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15 cases
  • Elliott & Healy v. Wirth
    • United States
    • Idaho Supreme Court
    • May 28, 1921
    ... ... aside. (24 Cyc. 39; In re Burr Mfg. & Supply Co., ... 217 F. 16, 133 C. C. A. 126; Morton v. Wade, 175 Ky ... 564, 194 S.W. 802; Roger v. Whitham, 56 Wash. 190, ... 134 Am. St. 1105, 21 Ann. Cas. 272, 105 P. 628; Las Vegas ... R. & P ... ...
  • Halifax Fin. Grp., L.P. v. Lawson
    • United States
    • Kentucky Court of Appeals
    • August 8, 2014
    ...though such circumstances are slight, and, by themselves, do not furnish a sufficient reason for vacating the sale.Morton v. Wade, 175 Ky. 564, 194 S.W. 802, 804 (1917). We believe that this matter should be remanded to the trial court for an evidentiary hearing as there have been issues ra......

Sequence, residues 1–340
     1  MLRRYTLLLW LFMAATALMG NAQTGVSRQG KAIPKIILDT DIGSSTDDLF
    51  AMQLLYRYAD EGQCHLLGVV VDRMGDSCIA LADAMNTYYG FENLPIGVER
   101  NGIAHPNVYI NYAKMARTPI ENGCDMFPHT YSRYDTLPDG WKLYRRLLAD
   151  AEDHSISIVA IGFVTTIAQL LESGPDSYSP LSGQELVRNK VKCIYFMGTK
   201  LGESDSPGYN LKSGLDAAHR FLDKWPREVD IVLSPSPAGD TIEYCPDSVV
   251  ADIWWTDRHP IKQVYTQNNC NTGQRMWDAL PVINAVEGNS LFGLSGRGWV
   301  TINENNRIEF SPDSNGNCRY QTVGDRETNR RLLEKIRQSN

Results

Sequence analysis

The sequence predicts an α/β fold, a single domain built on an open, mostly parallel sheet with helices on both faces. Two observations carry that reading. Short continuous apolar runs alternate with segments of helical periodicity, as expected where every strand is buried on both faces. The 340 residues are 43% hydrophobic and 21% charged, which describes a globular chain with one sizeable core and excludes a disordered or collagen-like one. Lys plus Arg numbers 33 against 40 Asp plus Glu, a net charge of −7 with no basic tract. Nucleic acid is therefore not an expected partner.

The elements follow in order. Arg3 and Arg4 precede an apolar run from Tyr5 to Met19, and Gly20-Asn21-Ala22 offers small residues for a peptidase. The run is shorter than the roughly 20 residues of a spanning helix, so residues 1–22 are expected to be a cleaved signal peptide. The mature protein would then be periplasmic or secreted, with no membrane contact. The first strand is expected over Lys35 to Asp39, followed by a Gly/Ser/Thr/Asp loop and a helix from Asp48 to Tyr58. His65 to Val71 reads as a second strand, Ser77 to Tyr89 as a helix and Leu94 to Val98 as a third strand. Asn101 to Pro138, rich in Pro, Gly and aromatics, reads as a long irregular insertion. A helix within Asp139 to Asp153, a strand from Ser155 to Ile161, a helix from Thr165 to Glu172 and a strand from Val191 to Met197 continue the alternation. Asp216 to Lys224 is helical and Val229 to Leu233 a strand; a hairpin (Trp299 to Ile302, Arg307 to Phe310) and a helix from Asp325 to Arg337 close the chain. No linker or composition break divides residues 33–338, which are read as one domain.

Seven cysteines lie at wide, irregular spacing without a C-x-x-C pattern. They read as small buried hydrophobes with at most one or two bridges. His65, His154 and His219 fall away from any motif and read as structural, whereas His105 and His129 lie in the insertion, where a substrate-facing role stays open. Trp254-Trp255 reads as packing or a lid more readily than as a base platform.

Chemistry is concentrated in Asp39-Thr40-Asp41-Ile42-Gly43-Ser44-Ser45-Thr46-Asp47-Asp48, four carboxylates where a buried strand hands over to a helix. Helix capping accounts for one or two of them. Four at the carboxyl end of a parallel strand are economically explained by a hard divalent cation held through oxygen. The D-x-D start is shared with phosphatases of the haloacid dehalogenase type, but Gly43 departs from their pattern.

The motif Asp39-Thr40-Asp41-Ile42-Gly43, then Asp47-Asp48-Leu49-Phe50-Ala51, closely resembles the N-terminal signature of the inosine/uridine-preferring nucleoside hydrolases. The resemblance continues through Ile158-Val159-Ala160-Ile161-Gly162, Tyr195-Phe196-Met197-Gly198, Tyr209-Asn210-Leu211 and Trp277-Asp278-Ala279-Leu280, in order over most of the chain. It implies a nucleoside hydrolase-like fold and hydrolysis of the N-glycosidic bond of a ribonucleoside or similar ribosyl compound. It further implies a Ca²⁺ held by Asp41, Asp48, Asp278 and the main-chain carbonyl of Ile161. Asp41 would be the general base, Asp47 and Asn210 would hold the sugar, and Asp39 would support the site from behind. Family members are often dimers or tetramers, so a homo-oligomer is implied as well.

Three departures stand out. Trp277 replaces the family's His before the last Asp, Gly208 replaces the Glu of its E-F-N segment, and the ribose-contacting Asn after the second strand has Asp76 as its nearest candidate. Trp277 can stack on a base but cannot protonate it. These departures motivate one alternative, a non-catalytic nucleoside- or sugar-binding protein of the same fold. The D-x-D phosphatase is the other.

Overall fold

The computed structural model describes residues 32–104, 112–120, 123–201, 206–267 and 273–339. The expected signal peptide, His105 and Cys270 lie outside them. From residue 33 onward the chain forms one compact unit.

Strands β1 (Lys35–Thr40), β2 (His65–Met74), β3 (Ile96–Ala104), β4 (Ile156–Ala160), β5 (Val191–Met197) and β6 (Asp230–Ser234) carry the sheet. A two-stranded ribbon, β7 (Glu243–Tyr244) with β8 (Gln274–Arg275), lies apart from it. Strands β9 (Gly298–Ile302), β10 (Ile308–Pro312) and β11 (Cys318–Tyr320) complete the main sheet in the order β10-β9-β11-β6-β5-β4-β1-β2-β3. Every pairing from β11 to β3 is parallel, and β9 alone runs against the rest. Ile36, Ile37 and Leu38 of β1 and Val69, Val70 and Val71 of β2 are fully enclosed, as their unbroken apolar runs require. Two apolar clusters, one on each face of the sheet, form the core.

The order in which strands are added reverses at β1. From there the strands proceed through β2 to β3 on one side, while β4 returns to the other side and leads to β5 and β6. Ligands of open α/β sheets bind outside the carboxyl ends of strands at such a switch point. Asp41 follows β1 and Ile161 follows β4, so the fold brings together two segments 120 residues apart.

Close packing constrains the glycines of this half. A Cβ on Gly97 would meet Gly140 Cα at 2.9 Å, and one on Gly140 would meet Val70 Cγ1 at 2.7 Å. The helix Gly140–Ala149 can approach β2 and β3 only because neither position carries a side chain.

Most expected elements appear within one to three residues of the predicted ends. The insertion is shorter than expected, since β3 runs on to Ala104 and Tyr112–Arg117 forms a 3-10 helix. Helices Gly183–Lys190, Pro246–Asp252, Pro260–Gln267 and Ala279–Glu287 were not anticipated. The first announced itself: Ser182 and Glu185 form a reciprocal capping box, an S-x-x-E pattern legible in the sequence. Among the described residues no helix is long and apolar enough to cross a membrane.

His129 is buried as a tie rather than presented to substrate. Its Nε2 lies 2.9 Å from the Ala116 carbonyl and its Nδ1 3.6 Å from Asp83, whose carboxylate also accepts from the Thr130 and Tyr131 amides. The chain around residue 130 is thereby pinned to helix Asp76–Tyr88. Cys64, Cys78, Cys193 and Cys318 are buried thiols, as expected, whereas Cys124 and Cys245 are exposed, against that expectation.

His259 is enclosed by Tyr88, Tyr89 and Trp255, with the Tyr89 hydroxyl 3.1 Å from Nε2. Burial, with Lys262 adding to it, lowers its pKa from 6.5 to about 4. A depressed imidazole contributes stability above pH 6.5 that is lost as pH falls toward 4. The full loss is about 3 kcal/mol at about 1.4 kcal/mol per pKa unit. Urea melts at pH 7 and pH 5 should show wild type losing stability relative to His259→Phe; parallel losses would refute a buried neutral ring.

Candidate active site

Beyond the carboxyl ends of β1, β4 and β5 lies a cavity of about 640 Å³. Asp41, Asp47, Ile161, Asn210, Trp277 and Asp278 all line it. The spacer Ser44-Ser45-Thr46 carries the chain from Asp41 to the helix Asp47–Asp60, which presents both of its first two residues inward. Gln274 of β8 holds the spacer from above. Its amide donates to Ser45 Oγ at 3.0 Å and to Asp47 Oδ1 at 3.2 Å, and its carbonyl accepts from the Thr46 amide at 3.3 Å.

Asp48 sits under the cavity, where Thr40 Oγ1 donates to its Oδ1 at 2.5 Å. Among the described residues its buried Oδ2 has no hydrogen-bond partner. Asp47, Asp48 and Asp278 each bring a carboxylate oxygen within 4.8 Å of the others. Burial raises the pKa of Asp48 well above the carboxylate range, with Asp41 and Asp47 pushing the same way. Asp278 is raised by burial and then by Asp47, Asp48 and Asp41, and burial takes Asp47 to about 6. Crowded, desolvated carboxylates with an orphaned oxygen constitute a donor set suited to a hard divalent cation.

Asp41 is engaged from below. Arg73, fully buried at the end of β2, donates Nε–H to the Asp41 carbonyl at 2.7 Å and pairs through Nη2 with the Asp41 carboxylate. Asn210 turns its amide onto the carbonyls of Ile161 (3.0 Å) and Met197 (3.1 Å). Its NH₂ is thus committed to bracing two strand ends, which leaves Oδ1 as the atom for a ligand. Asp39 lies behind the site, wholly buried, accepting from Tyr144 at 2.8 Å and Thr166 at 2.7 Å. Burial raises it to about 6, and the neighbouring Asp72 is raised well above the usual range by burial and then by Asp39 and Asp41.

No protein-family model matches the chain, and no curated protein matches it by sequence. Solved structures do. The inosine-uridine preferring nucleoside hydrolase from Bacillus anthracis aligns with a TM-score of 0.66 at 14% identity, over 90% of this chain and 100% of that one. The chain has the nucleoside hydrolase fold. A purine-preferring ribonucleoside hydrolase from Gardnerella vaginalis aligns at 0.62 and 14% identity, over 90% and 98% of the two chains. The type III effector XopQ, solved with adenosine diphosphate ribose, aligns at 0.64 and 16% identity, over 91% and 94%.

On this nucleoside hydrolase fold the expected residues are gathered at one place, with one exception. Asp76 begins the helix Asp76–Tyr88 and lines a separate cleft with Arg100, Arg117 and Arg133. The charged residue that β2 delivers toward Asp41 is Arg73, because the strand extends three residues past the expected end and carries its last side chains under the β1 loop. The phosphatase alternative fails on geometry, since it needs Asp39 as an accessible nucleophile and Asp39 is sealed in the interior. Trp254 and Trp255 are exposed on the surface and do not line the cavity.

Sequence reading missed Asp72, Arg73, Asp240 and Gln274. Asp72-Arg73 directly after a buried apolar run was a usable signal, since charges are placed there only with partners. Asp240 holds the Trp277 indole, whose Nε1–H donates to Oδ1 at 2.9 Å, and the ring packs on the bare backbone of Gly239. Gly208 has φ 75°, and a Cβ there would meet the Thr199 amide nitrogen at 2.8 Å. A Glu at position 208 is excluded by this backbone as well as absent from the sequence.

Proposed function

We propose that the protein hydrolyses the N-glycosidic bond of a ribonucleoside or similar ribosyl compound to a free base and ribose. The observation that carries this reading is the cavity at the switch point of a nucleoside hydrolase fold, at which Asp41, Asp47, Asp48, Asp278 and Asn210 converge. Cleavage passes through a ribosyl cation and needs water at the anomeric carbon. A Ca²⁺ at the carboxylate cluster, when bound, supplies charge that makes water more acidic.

• Maynard v. Maynard
    • United States
    • Kentucky Court of Appeals
    • January 12, 1943
    ... ... the appraised value and the real value of the land was so ... great as to create a presumption of fraud, relying upon the ... case of Morton v. Wade et al., 175 Ky. 564, 194 S.W ... 802, in which is laid down the general rule that while ... inadequacy of price, standing alone, is not a ... ...
  • Carter v. Howard
    • United States
    • Kentucky Court of Appeals
    • February 21, 1919
    ... ... are required to justify and make it the duty of the ... chancellor to set it aside." ...          See ... Morton v. Wade, Jr., et al., 175 Ky. 564, 194 S.W ... 802; 24 Cyc. 39 ...          But ... where the rights of infants are involved the court ... ...
  • Request a trial to view additional results